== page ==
The National Asset Management Agency (Nama) plans to sell two portfolios of property loans with a combined face value of €6bn as it continues what has become an accelerated wind down of its stock of risky commercial real estate debt, three people with knowledge of the matter said.
The loans will be split into two groups of €3bn each and will be sold at a discount, said the people, who asked not to be identified because the plans are private. A spokesman for Nama declined to comment.
The Government set up Nama in 2009 to take over €74bn of commercial real estate loans held by Ireland’s banks and sell them over as many as 10 years. Last month, Nama selected Cerberus Capital Management as the preferred bidder for Project Arrow, a huge portfolio of debt with a face value of €6.3bn, the agency’s largest disposal by face value to date.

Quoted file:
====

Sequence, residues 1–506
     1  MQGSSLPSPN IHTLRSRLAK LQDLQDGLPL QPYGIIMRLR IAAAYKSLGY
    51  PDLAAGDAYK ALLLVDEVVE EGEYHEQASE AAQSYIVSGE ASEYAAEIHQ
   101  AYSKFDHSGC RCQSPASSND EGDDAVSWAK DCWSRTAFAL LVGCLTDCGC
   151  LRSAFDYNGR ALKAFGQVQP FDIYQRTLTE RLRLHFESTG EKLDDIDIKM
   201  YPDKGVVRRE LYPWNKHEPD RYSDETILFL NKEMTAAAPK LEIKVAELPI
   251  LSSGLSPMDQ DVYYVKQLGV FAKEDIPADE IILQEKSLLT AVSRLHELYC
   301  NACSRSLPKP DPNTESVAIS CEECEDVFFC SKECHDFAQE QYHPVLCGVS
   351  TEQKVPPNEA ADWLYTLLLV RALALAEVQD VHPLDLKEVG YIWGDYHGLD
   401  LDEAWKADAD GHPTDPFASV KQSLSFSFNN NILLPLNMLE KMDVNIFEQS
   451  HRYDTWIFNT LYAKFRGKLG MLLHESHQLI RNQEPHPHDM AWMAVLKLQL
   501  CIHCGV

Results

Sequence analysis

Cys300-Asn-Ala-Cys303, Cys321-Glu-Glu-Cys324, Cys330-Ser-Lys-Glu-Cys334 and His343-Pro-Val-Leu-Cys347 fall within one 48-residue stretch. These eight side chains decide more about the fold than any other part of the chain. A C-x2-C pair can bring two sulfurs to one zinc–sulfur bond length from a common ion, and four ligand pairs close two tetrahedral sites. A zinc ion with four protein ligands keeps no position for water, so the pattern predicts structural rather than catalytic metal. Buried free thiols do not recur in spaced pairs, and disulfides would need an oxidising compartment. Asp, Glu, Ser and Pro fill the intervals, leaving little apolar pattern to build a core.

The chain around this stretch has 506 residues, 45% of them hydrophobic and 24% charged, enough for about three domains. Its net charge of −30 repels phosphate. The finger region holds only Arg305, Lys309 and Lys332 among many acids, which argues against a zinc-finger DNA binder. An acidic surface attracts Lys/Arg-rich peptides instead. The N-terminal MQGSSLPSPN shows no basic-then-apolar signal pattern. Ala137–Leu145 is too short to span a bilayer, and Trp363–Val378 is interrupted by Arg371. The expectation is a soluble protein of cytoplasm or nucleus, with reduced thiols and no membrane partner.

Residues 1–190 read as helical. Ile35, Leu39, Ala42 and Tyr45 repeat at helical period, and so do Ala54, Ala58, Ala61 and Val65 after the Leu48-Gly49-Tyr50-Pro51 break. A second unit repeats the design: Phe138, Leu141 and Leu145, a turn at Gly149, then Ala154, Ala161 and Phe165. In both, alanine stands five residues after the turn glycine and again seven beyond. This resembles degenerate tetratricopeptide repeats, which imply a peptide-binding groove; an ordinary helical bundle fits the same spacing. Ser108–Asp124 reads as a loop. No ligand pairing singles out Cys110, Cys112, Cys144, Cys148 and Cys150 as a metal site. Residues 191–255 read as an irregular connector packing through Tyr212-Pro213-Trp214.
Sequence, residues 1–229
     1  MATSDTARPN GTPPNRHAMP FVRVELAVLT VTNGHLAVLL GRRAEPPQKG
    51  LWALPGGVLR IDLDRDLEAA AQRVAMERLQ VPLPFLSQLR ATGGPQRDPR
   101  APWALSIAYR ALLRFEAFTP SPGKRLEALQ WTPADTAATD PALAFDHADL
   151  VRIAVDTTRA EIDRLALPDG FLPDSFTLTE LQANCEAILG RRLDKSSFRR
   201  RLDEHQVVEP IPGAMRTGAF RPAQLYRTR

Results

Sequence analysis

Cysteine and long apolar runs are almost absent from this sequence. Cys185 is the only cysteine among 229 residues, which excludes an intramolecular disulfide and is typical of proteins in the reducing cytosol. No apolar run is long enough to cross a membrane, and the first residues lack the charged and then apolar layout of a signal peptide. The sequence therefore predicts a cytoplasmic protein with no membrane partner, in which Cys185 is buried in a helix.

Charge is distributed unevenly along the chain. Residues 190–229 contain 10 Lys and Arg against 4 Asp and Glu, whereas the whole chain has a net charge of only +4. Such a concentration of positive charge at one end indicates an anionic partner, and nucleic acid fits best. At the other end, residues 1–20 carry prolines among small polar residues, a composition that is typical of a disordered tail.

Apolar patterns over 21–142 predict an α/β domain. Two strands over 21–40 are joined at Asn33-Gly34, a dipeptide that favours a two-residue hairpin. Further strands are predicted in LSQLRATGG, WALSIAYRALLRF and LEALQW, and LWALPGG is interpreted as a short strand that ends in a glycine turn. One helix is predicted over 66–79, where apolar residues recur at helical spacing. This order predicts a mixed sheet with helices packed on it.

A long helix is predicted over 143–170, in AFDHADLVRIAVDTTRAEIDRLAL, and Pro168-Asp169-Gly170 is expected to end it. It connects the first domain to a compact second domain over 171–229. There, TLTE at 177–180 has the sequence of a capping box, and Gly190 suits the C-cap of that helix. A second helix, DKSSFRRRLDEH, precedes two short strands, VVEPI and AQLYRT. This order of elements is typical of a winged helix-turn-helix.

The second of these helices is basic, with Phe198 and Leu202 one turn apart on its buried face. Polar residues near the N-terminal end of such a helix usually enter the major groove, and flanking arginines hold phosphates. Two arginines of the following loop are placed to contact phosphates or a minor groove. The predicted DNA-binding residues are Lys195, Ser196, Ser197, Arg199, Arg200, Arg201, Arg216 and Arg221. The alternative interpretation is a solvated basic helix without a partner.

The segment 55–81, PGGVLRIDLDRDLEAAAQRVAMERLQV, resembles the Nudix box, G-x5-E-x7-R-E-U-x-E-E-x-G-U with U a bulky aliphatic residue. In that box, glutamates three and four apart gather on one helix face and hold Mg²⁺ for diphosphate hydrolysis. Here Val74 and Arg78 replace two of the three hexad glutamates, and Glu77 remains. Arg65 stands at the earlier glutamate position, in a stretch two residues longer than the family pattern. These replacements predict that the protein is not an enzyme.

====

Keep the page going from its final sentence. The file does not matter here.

Speeding up its sales means Nama has now repaid the bulk of the debt the agency incurred when it took over loans from the banks in 2010. So far 73pc of its original €30.2bn of senior bonds has been paid off from the proceeds of its own loan sell-offs, and rental and interest income.
The money then goes to the main banks and is used by them to reduce their debts, including to the Central Bank. The agency is working to a timetable that would leave just 20pc of the original senior debt in place by the end of 2016.
Under the original Nama act, the agency is due to close after 10 years.